When you visit that page again, your Browser* doesn't even bother to request that URL, it just goes to the cached redirection target.

The only way to undo a 301 for a visitor with that redirection in Cache, is re-redirecting back to the original URL**. In that case, the Browser will notice the loop, and finally really request the entered URL.

Obviously, that's not an option if you decided to 301 to facebook or any other resource you're not fully under control.

Unfortunately, many Hosting Providers offer a feature in their Admin Interface simply called "Redirection", which does a 301 redirect. If you're using this to temporarily redirect your domain to facebook as a coming soon page, you're basically screwed.

*at least Chrome and Firefox, according to How long do browsers cache HTTP 301s?. Just tried it with Chrome 45. Edit: Safari 7.0.6 on Mac also caches, a browser restart didn't help (Link says that on Safari 5 on Windows it does help.)

**I tried javascript window.location = '', because it would be the solution which could be applied in most cases - it doesn't work. It results in an undetected infinite Loop. However, php header('Location: new.url') does break the loop

Bottom Line: only use 301s if you're absolutely sure you're never going to use that URL again. Usually never on the root dir (example.com/)


301 is that the requested resource has been assigned a new permanent URI and any future references to this resource should be done using one of the returned URIs.

302 is that the requested resource resides temporarily under a different URI.

Since the redirection may be altered on occasion, the client should continue to use the Request-URI for future requests.

This response is only cachable if indicated by a Cache-Control or Expires header field.

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    So 301 makes sense, but I'm having a hard time coming up with a good example use for 302. – Bob Stein Aug 10 '13 at 17:58
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    @BobStein-VisiBone for example of the 302 redirect: create a file old.php with the code <?php header("location: http://example.com/new.php"); ?> and file new.php - <?php echo 'I am new'; ?> and go to the link. There will redirect and display the text "I am new". Then replace the code in old.php to <?php echo 'I am old'; ?> and also go to the link. You'll see the text "I am old". If you have performed the 301 redirect in old.php, you would have seen the text "I am new" even after the changes in the code of old.php. – Apostle Oct 30 '13 at 11:16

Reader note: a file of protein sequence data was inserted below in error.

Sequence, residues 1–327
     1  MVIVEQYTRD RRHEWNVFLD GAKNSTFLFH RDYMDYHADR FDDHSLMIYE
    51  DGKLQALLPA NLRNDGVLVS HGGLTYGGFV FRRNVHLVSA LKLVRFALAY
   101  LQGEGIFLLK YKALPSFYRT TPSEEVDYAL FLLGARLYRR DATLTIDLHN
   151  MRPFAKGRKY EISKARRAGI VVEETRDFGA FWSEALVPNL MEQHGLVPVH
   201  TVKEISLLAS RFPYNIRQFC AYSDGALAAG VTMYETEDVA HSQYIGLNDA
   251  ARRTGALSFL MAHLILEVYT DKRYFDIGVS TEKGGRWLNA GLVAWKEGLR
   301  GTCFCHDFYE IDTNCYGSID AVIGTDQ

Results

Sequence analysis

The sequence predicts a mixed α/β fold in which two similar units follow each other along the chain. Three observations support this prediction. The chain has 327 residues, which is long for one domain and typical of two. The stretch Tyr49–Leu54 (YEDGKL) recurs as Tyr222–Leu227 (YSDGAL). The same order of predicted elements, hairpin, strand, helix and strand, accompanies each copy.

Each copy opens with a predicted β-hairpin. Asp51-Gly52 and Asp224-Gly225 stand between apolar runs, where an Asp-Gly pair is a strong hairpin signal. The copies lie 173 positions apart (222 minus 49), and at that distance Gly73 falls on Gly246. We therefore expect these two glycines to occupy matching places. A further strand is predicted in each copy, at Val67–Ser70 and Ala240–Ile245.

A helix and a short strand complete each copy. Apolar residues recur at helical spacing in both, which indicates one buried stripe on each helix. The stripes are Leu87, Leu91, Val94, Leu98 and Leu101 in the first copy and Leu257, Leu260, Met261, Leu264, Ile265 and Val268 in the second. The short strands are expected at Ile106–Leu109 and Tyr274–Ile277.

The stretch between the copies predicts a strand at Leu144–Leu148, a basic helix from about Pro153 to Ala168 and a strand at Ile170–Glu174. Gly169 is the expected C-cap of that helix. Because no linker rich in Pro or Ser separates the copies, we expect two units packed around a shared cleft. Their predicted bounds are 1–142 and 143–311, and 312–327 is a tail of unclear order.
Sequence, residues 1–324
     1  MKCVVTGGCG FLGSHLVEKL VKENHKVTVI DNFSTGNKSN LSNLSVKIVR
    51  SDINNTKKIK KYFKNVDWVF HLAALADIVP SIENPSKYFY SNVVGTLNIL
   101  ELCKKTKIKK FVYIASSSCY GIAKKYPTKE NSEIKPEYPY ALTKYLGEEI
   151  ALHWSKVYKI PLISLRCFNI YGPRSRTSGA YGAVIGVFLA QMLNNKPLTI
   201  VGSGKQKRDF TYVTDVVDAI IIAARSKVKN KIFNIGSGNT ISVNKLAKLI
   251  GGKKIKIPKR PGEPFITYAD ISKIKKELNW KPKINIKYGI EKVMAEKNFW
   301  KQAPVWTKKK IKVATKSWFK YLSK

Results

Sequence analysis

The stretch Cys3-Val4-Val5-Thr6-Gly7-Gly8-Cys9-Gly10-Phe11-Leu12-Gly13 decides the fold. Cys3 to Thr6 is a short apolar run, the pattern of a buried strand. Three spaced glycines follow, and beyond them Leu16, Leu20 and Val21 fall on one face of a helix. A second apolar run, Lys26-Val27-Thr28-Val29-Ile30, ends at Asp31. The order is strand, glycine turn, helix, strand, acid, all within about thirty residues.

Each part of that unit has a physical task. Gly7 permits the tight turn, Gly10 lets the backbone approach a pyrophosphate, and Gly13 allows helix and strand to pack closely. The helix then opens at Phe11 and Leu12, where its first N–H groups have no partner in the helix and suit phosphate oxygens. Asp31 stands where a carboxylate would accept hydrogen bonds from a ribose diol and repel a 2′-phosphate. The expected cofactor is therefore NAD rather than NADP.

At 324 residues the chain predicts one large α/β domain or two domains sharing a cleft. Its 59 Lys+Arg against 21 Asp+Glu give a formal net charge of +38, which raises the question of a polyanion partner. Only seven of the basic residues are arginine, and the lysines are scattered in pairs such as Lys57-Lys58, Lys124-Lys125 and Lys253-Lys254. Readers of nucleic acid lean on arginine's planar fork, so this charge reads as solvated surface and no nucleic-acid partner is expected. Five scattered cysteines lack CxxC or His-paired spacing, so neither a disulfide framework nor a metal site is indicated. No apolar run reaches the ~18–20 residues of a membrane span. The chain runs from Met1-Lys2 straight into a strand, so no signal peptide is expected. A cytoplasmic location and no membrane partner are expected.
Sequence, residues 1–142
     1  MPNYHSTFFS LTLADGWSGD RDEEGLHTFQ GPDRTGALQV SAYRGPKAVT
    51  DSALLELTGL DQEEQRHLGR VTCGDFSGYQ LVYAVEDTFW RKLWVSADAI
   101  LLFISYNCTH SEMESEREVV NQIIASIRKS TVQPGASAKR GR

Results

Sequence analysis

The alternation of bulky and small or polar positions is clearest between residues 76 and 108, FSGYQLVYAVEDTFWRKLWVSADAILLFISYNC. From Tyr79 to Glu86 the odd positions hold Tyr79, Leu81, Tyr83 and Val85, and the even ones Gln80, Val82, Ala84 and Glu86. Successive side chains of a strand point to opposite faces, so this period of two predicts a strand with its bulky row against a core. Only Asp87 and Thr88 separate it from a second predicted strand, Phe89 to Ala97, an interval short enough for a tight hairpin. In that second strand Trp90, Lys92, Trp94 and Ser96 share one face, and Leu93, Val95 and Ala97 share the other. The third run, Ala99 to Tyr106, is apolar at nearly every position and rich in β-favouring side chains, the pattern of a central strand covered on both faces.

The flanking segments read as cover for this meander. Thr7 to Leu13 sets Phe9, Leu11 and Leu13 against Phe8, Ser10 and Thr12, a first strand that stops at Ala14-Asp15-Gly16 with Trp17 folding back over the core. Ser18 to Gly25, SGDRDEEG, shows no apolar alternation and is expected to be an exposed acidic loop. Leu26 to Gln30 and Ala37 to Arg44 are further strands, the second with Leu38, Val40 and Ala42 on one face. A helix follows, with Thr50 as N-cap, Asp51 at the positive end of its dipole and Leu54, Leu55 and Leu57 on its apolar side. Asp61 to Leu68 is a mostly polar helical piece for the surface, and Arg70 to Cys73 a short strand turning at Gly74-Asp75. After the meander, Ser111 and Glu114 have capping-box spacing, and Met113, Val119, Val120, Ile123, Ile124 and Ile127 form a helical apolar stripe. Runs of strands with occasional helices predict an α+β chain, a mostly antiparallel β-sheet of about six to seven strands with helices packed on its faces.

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    @BobStein-VisiBone I have a page that is deprecated and can't be shown. We need to make a new page but won't be ready for a while. We use a temporary re-direct to an existing page that us useful for visitors. Once the new page is created, we will then use a permanent redirect to it. – EddieC May 12 '15 at 19:46
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    302 is useful if your destination URL depends on state. – Brian Sep 21 '15 at 20:25
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    I now it's been a while but here is a good example. Webcomics usually have a url that leads to the latest comic. If that is webcomic.com/latest and redirects to webcomic.com/some-comic-title with a 301 the browser will always redirect to "some-comic-title". Even when the next comic has been published and "latest" now redirects to "another-comic-title"... This is where a 302 would be better. – hsan Mar 31 '17 at 8:57

The main issue with 301 is browser will cache the redirection even if you disabled the redirection from the server level.

Its always better to use 302 if you are enabling the redirection for a short maintenance window.

  • It is definitely not an "issue"; it's just how it's intended to work. Redirecting HTTP to HTTPS, Redirecting abandoned website to a new one, etc, are some of the usual usages of 301. – HosseyNJF Apr 8 '20 at 5:41